Last night’s statement from a Labour “spokesperson” on the Douma gas attack – no wonder no one wanted to put their name to it – was a textbook case of Corbynista equivocation in the face of evil committed by a regime opposed by the West. Corbyn’s record on Syria speaks for itself.
He accepted a free trip to meet Assad paid for by a Palestinian group which blames Jews for the Holocaust, posing with the Syrian leader alongside Jenny Tonge, and writing afterwards that the junket had shown him evidence that “the Israeli tail wags the US dog”.
He was the chair of Stop the War when they compared Assad to Churchill and repeatedly promoted Assad apologists, and he continued to back the group when they were condemned by Peter Tatchell for silencing victims of the Assad regime, and accused by Syria Solidarity UK of tacitly supporting Assad.
Following the Khan Sheikhoun gas attack, Corbyn refused to blame Assad despite Britain, the US and France all agreeing there was no doubt the regime carried it out. He did however appear on Russia Today to immediately endorse Russian reports of Syrian rebels using chemical weapons. He called for an “independent UN investigation“. When such an investigation later found the Assad regime responsible, Corbyn said nothing.
He received a briefing from Declan Hayes, a notorious Assad apologist who has denied that the regime has used chemical weapons. He dined with Marcus Papadopoulos, who claimed “there was no massacre at Aleppo“.
Corbyn’s chief aide Seumas Milne has repeatedly apologised for the Assad regime, writing that warnings of chemical attacks by Assad were a “reprise of the falsehood that paved the way for the invasion of Iraq”, praising Russian intervention in Syria as a “check to unbridled US power” and criticising Nato for working against the Assad regime.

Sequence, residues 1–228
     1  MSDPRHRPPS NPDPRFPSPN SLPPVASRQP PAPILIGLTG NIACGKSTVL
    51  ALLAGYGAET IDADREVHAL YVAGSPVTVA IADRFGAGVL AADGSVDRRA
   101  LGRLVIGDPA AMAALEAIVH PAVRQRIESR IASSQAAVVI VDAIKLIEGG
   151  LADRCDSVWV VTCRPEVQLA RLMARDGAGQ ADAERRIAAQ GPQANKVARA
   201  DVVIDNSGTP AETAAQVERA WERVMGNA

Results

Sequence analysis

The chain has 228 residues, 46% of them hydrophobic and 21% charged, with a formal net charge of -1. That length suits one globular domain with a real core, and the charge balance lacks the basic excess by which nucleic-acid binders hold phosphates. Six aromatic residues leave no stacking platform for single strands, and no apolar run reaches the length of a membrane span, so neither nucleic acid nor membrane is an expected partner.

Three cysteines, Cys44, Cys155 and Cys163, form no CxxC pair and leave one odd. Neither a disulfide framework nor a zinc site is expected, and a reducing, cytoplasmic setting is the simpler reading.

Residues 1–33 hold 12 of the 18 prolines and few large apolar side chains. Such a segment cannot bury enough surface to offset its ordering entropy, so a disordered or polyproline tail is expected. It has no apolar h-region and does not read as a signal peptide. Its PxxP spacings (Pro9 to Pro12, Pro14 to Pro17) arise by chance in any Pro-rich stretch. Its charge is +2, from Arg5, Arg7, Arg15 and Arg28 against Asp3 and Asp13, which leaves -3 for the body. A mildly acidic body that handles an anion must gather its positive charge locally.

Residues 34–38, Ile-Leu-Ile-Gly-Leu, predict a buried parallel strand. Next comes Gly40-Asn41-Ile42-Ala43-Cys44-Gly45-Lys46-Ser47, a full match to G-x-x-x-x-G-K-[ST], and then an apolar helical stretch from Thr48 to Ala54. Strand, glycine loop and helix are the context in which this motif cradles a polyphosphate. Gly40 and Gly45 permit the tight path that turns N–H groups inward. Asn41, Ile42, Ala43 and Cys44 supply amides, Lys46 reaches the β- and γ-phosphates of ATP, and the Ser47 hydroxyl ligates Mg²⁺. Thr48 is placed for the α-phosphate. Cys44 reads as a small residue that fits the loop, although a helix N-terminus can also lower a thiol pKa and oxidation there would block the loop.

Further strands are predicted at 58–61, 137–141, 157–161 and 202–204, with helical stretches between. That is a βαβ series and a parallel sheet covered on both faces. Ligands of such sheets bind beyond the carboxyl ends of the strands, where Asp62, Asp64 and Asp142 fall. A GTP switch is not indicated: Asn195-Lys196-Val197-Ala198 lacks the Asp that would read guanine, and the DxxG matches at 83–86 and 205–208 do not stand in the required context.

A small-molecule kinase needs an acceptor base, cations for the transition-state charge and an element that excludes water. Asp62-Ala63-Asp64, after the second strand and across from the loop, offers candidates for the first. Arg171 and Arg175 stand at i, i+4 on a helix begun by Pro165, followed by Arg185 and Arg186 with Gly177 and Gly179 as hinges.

Milne’s deputy in the leader’s office Steve Howell is even worse – he’s repeatedly openly sided with Assad and accused the West of spinning the Aleppo slaughter.
Corbyn’s favourite newspaper, the communist Morning Star, actually backed Assad’s slaughter in Aleppo as “providing aerial support to troops fighting to drive extremists out”.
Corbyn famously said that “If you are neutral in situations of injustice, you have chosen the side of the oppressor”. On Syria he doesn’t even pretend to be neutral.
The hottest of hot takes on Mugabe’s resignation from Corbyn’s ex-spokesman Steve Howell, who compared the outgoing Zimbabwean despot to Her Maj:
Much of British media coverage of #Mugaberesigns is downright patronising – and so hypocritical from a country with an unelected Nonagenarian head of state who Parliament can’t impeach and whose empire gave white settlers the land Mugabe tried to restore to African ownership.
— Steve Howell (@FromSteveHowell) November 22, 2017
They know Zanu PF are socialists right?
Following Guido’s story yesterday, Jeremy Corbyn gets a lot of criticism in today’s papers for his links to an Assad-supporting genocide denier. Of course it should come as no surprise that the Labour leader’s office is sympathetic to people with such views. Take Steve Howell, Corbyn’s deputy director of strategy and comms, one of his most senior aides (and a former colleague of Seumas Milne at the Stalinist newspaper Straight Left). His Twitter feed is full of tweets promoting Assadists, siding with Assad and Putin, accusing Western media of spinning the Aleppo slaughter, blaming Ukraine on the West, defending Russia Today, and even spinning Russian hacking of the US election in support of Putin.
These views are commonplace at the very top of Corbyn’s Labour…
Jeremy Corbyn’s new spin doctor Steve Howell is the author of a sex-laced thriller about a fictional drugs scandal, Guido can reveal. Howell claims his racy page-turner Over The Line “anticipated the doping crisis in sport and exposed the over-lapping epidemic of steroid abuse for appearance-enhancing body-building.” Guido doesn’t remember Lance Armstrong getting up to the following…